Eating the lion's share
Sheena Gayle, Gleaner Writer
Despite taking a day off from their respective kitchens, there was no absence of mouth-watering flavours as some of Jamaica's top culinary experts and stars on the rise participated in the Chef's Day Off event by the Caribbean Culinary Network (CCN) on Sunday.
The third staging featured the infamous lionfish that continues to wreak havoc in our local fishing waters. Young and experienced chefs used the day to unveil new and delicious ways of devouring this protein-rich meat.
Young chef on the rise and owner of Eskay Caterers, Stephen Hamilton, dazzled the judges with his Lionfish Croquette coated with beetroot floating on Appleton melon pumpkin cubes served with Lionfish Sushi and Curry Tartar Dip. His creativity scored huge points as he won an individual gold medal for the dish.
help in advertising
According to international chef and founder of CCN, Anthony Mair, the idea of showcasing the lionfish was to help in advertising the consumption of it and the different methods of preparation while pushing creativity of students and experienced chefs.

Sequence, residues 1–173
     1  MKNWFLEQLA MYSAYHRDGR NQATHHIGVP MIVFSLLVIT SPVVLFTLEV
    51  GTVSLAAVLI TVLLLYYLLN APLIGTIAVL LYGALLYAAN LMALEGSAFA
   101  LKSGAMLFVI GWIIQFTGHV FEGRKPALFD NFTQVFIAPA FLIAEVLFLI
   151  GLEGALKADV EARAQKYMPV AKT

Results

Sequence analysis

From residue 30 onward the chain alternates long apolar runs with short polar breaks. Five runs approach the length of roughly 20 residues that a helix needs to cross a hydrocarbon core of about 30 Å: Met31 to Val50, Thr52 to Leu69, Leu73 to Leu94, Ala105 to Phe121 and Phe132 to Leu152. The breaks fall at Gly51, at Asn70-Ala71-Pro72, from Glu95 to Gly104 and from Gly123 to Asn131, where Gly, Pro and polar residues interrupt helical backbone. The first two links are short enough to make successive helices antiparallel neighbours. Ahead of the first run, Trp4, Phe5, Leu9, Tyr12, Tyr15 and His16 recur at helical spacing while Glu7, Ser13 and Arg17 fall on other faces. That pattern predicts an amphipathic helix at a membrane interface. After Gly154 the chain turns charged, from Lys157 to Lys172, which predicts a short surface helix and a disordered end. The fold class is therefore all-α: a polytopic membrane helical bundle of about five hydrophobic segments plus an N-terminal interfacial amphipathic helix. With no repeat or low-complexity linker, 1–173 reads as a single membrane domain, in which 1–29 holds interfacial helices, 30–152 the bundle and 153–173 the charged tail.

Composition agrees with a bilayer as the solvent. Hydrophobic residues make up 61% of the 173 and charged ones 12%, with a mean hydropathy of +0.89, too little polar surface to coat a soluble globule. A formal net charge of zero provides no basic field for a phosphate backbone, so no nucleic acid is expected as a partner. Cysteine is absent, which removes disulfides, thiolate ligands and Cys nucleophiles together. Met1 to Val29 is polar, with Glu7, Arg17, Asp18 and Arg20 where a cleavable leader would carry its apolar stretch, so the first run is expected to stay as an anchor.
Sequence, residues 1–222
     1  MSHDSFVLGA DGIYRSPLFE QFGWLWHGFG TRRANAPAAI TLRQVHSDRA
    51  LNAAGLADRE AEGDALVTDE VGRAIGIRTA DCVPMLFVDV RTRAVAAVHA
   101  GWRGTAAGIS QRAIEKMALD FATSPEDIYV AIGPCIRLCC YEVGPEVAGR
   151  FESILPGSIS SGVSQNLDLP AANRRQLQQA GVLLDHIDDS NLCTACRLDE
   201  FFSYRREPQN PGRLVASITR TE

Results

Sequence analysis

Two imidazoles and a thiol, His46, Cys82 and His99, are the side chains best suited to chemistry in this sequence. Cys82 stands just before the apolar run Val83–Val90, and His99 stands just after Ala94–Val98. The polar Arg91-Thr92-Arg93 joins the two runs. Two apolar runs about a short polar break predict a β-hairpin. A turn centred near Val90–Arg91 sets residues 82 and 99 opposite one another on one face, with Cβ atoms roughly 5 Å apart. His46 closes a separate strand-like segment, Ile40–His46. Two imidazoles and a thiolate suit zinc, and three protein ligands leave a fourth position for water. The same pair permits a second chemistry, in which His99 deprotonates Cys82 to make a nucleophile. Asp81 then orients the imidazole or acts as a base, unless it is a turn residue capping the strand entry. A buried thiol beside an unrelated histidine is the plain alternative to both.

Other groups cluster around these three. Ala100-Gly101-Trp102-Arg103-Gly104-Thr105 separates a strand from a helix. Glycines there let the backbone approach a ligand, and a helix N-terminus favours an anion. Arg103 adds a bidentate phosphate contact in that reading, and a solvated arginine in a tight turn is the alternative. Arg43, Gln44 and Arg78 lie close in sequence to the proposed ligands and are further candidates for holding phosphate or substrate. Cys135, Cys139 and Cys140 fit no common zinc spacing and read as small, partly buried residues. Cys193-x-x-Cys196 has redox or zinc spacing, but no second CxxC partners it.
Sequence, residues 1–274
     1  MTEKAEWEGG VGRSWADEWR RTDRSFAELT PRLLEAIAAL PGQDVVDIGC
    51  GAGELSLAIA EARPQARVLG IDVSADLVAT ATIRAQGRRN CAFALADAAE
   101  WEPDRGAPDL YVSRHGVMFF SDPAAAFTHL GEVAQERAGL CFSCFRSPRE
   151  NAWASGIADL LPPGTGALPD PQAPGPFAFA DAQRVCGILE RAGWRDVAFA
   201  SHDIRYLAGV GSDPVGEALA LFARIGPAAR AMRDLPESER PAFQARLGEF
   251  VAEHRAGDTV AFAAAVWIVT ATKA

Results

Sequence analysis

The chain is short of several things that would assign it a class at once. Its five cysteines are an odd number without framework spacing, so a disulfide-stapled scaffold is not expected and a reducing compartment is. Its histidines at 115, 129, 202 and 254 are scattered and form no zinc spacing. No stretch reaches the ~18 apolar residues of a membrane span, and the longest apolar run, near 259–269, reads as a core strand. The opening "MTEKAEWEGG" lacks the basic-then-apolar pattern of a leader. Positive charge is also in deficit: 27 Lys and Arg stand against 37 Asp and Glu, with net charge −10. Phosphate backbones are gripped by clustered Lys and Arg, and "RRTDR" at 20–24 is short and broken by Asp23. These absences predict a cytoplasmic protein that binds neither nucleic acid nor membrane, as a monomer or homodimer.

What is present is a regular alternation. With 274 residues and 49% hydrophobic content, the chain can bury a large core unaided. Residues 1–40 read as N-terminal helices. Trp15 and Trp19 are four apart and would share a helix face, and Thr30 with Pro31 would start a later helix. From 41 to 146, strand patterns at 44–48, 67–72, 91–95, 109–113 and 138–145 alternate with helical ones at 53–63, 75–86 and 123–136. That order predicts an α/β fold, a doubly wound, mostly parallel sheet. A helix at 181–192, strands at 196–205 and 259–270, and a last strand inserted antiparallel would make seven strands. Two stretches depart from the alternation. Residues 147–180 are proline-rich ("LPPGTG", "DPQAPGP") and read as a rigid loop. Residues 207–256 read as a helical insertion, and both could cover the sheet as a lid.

"It was an opportunity for us to take this protein and put it into the hands of trained chefs who have travelled the world. In Jamaica, so much of the protein source consumed is from chicken because of the price," Mair pointed out.
"But now that there is the lionfish and you can purchase it for approximately the same price as chicken, it is important that Jamaicans start consuming the fish, because of what it is doing to our waters," he further explained.
Some 38 executive chefs and industry professionals took part in the Chef's Day Off event. In addition, 264 culinary students from high schools, HEART and the University of Technology participated in demonstrations and competitions.
"I am encouraged by the movement of getting young chefs educated in culinary arts. However, I would like to lend CCN support and services as executive chefs and industry professionals to the institutions that currently teach culinary art in Jamaica, so that we can come into the classrooms from a high-school level, if not before, to communicate directly to them so when they come to us from their training they can understand what it is we want from them."